Rachel Maddow commenting Wednesday night on MSNBC on the new Gallup Poll that showed the Republican Party’s approval rating plummeting to 28%, the lowest for either party since pollsters first began asking the question:
“That apparently is the reward that you get if you can stretch your government shutdown to be longer than Hanukkah. It is more than eight crazy nights now. We are into Day 9.”
Maddow links the Republicans’ collapse in public opinion to the growing phenomenon of default denial — that is, the surge in GOP lawmakers publicly declaring that the debt ceiling is no big deal, or even that it’s something Democrats made up to scare them, and that crashing it won’t make a difference. Or in extreme cases, like Florida Republican Rep. Ted Yoho, say things like hitting the debt limit “would bring stability to the world markets.” Yoho’s district, incidentally, includes the University of Florida in Gainesville, ranked 14th among America’s public universities.
What’s scariest about this talk is not simply that the American and world economies are being held hostage by a group of extremists who are willing to take us all to the brink in order to achieve a policy goal that they couldn’t win at the ballot box. It’s that the American government, and through it the welfare of the developed world, are at the mercy of a group of profoundly uncurious ignoramuses, elected by a larger group of ignoramuses, who fundamentally don’t believe in knowledge.
It’s not just that they don’t understand global market economics—it’s that they don’t think there’s anything to understand, and they neither believe nor trust educated people like economists who try and explain the ramifications of these decisions that they’ve been entrusted with. We’ve seen this same attitude in action over the past few years in their contempt for climate science.
It seemed for a long time that they were simply in thrall to the energy industry. But now it’s becoming evident that it’s much deeper. They’re openly contemptuous of the very idea that there is something to understand. They think the global system over which they hold the levers is a child’s toy, and they suspect that eggheads who tell them these things are complicated and delicate are trying to pull one over on them. We’re living in a bad rerun of “The Beverly Hillbillies.”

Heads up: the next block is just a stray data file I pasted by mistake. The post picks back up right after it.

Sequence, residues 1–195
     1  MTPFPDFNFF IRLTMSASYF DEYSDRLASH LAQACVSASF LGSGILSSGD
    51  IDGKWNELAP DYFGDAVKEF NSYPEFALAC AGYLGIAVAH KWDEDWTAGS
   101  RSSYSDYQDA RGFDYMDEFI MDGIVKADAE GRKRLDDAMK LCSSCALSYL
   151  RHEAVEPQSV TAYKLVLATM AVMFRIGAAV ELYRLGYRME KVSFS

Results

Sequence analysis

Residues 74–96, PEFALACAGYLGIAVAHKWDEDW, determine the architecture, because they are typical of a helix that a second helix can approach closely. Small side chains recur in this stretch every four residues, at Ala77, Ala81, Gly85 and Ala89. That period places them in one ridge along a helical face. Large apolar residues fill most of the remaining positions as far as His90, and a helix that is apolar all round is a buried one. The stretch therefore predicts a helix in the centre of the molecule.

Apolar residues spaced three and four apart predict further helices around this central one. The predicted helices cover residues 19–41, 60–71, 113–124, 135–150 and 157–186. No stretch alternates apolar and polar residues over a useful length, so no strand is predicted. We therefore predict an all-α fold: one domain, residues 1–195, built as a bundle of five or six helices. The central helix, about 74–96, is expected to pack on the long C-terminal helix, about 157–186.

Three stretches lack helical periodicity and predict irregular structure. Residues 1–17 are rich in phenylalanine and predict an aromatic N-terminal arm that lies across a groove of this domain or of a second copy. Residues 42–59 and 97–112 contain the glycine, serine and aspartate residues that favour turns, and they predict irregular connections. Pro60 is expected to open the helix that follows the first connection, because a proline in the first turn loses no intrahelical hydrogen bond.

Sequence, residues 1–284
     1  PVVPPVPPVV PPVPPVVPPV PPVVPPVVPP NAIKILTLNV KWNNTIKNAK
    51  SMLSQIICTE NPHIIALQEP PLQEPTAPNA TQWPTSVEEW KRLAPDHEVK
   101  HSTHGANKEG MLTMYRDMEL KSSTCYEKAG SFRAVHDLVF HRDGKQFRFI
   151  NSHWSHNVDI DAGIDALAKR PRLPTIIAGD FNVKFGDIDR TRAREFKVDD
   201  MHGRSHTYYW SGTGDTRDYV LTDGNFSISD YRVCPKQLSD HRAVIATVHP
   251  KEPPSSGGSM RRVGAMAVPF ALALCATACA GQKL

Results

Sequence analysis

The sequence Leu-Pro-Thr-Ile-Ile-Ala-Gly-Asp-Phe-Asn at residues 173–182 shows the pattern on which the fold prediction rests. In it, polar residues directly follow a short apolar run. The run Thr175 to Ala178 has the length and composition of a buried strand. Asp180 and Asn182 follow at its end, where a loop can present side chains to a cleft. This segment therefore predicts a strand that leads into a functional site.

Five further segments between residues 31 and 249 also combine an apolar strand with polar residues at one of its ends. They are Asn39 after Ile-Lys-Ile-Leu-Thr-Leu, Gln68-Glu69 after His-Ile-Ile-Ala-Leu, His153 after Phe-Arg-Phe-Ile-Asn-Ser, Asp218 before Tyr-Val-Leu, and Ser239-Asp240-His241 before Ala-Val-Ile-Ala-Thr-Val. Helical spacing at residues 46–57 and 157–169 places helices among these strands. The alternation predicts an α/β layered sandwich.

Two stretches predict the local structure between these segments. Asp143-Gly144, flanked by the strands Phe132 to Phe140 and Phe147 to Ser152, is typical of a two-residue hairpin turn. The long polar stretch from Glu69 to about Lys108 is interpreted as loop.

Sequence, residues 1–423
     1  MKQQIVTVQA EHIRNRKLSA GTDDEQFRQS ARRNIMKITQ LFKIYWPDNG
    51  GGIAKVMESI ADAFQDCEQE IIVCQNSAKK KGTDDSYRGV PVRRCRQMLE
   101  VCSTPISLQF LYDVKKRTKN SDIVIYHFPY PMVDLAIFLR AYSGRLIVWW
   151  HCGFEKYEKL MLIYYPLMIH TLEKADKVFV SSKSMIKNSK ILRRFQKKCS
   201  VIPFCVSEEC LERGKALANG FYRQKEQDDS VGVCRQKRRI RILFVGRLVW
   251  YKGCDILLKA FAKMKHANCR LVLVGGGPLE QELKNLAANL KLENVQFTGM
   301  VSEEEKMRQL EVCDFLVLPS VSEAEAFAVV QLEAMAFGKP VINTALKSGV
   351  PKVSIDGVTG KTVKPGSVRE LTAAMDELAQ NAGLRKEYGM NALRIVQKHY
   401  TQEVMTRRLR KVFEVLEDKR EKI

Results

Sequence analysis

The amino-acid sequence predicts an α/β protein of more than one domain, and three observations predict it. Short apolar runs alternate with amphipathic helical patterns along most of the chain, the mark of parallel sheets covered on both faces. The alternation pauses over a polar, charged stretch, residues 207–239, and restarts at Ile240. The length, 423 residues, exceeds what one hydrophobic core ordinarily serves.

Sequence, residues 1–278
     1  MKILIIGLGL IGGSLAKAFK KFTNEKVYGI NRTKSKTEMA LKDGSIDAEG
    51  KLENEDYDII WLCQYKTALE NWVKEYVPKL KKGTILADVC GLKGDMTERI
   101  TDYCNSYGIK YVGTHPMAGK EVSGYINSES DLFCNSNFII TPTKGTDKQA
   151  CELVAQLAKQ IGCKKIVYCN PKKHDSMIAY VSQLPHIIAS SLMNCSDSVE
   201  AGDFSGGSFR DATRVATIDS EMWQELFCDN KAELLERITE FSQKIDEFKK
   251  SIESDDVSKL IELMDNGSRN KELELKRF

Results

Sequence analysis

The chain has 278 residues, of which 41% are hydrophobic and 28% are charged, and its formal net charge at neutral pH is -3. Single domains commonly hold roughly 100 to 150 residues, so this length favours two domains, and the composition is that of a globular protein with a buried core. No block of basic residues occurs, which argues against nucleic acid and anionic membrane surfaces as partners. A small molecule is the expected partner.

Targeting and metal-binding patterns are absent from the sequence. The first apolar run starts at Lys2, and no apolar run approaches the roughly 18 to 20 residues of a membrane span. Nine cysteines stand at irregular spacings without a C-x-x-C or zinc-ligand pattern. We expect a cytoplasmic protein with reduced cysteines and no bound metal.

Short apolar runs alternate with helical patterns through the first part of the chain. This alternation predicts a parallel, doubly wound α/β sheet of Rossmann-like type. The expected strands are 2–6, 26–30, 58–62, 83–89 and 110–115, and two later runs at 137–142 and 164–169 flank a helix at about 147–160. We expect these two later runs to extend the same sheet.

The poster boy for all this is probably Rep. Paul Broun of Georgia, who was quoted in Tuesday’s New York Times dismissing the debt ceiling, saying “[t]here are a lot of things that are going to affect our economy.”
“The greatest threat right now is Obamacare. It’s already destroyed jobs, it’s already destroyed our economy, and if it stays in place as it is now, it’s going to destroy America.”
Broun, you’ll recall, is the congressman who told a church dinner in his district in September 2012 that evolution, embryology and the big bang theory “is [sic] lies straight from the pit of Hell.”
“God’s word is true. I’ve come to understand that. All that stuff I was taught about evolution and embryology and the big bang theory, all that is lies straight from the pit of Hell,” said Broun, who is an MD. “It’s lies to try to keep me and all the folks who were taught that from understanding that they need a savior.”He continued:“You see, there are a lot of scientific data that I’ve found out as a scientist that actually show that this is really a young Earth. I don’t believe that the earth’s but about 9,000 years old. I believe it was created in six days as we know them. That’s what the Bible says.”
Broun is a member of the House Science and Technology Committee, including the subcommittee on energy and environment. He’s also a member of the Homeland Security Committee, where he’e vice-chairman of the subcommittee on counter-terrorism and—get this—intelligence. He was reelected to the House unopposed last year. He’s currently running for U.S. Senate. His district includes the University of Georgia at Athens. Socrates must be rolling over in his grave.
Rachel Maddow on the 'Hanukkah Shutdown'
J.J. Goldberg is editor emeritus of the Forward, where he served as editor in chief for seven years (2000-2007).